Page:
Almost two thirds (63 per cent) of teachers want a ban on parents dropping off and picking up their children by car outside school gates according to a new survey from Sustrans.
The survey of 840 teachers was carried out by YouGov to coincide with the launch of this year’s Sustrans Big Pedal, in which a record 2,200 schools will participate.
Teachers were also asked about their attitudes towards air quality, with more than half (59 per cent) saying that they wanted to see urgent action taken to reduce air pollution.
A third (34 per cent) believed that encouraging more people to walk, scoot or cycle would help achieve that, followed by educating the school community on the cause and effects of air pollution (28 per cent) and school road closures (26 per cent).
Other findings, according to Sustrans, included:
Over half (59 per cent) cited a lack of other routes for motor traffic as one of the main barriers to closing the road outside the school
Almost half of the respondents (48 per cent) cited that driving is a more convenient option for families and is one of the biggest obstacles to more people walking, scooting or cycling the school run
More than one in three (36 per cent) said they need support from parents to enact change on the school run and 27 per cent said they need backing from local authorities
One in three teachers (30 per cent) are worried about air pollution, with 43 per cent stating idling car engines outside the school gates cause concern, while a further 63 per cent cited it’s a concern because the school is based on or near a busy main road
The number of teachers concerned about air pollution near their school rose to 55 per cent in London.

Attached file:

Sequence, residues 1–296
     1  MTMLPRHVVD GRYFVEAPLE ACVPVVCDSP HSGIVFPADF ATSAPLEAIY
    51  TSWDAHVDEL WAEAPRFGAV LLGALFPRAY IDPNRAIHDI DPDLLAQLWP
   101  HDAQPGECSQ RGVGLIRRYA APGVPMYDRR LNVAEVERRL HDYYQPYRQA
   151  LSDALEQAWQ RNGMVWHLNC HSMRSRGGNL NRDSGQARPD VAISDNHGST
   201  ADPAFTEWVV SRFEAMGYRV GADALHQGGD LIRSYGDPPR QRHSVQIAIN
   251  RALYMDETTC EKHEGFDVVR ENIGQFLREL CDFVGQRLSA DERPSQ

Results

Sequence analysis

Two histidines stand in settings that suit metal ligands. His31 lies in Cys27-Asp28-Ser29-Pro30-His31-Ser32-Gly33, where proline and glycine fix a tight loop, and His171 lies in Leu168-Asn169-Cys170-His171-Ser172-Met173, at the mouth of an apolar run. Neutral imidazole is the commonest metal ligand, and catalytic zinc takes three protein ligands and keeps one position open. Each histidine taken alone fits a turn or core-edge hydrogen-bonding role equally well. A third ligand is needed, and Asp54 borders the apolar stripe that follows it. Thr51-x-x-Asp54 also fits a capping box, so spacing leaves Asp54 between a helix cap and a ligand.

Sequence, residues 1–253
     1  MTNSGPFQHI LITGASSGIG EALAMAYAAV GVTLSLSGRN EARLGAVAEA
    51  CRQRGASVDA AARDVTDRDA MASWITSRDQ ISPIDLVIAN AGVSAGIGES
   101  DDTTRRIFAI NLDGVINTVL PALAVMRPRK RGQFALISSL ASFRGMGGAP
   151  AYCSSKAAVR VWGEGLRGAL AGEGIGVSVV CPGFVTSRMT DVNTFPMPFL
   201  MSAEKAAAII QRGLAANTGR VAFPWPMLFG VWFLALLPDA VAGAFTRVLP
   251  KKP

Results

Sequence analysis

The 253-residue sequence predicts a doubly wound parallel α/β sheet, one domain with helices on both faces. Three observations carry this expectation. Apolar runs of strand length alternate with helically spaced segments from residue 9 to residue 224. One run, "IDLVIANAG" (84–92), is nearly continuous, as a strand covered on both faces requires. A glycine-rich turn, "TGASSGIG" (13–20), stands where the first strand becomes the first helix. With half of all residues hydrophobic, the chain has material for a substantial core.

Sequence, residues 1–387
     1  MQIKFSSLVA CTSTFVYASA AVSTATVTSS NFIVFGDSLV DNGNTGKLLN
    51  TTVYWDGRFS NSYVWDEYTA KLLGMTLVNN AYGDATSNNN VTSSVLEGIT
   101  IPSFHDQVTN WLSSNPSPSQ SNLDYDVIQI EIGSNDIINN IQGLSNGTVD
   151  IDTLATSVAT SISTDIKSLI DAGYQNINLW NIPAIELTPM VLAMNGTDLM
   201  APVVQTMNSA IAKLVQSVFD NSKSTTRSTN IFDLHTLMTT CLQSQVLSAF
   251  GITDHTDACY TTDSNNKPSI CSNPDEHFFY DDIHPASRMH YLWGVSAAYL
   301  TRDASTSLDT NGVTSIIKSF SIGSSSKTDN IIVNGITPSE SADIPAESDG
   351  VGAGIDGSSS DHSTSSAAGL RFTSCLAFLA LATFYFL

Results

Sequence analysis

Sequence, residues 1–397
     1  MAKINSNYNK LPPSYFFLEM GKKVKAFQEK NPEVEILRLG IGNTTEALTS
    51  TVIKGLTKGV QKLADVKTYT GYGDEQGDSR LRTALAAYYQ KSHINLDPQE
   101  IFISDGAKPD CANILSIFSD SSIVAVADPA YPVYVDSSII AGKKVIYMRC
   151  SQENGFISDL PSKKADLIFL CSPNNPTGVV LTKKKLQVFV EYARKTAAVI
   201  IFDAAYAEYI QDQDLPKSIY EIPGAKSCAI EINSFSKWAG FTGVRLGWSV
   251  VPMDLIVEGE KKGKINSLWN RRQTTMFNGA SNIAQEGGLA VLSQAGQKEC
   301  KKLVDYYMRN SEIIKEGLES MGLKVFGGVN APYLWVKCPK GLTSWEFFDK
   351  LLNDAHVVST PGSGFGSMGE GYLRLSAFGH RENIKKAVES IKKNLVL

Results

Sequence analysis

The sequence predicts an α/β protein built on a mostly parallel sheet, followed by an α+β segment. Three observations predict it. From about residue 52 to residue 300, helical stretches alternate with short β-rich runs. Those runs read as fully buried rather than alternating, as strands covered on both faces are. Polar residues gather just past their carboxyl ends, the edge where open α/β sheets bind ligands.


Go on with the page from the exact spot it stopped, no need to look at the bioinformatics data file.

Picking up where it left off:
Sustrans CEO Xavier Brice commented: “We need to radically change the way we travel. Idling car engines and snarled up roads poison the air and our children’s bodies across the UK.
“For too long now, dangerous levels of air pollution near schools have been ignored. Finally this is starting to change. Our survey makes it clear that teachers want urgent action to clean up toxic fumes. They see closing the roads outside their school as an effective solution but need support from local authorities to enact change.
“Across the UK, councillors that care about their young constituents are leading the way by implementing school street closures during the school run, to reduce air pollution and create a safer environment for families to walk and cycle. We want to see more. Our 39 closures for the Big Pedal show it’s possible.
“Young people across the world are taking action for a better future. Isn’t it time we did too? We urge local authorities to follow their peers and call on Governments across the UK to support local authorities and implement clean air legislation to tackle motorised traffic, including large scale investment in walking and cycling to enable more people to choose active and cleaner ways to travel for local journeys,” he added.
This year’s Big Pedal takes place from today, 25 March, to 5 April and for the first time will see 39 schools across the country close their streets to motor traffic for a day, in partnership with Sustrans, Playing Out and local authorities.
Sophie Gallois, Unicef UK’s director of advocacy and communications at Unicef UK, said: “Every day, one in three children in the UK is breathing in harmful levels of air pollution that could damage their health and impact their future.
“Worryingly, children are most exposed to toxic air on the school run and while at school, so a ban on motor vehicles outside the schools gates has potential to make a real difference. Reducing children’s exposure to air pollution is not just about the school street itself, but also taking quieter routes to school, away from busy main roads.
“The Government must take urgent action to tackle this growing health crisis by putting children’s health at the heart of its work on air pollution,” she added.
“That includes focusing interventions on places where children are most exposed to toxic air, like schools, and promoting behavioural changes that will create real impact for children now and in the future.”
Born in Scotland, Simon moved to London aged seven and now lives in the Oxfordshire Cotswolds with his miniature schnauzer, Elodie. He fell in love with cycling one Saturday morning in 1994 while living in Italy when Milan-San Remo went past his front door. A daily cycle commuter in London back before riding to work started to boom, he's been news editor at road.cc since 2009. Handily for work, he speaks French and Italian. He doesn't get to ride his Colnago as often as he'd like, and freely admits he's much more adept at cooking than fettling with bikes.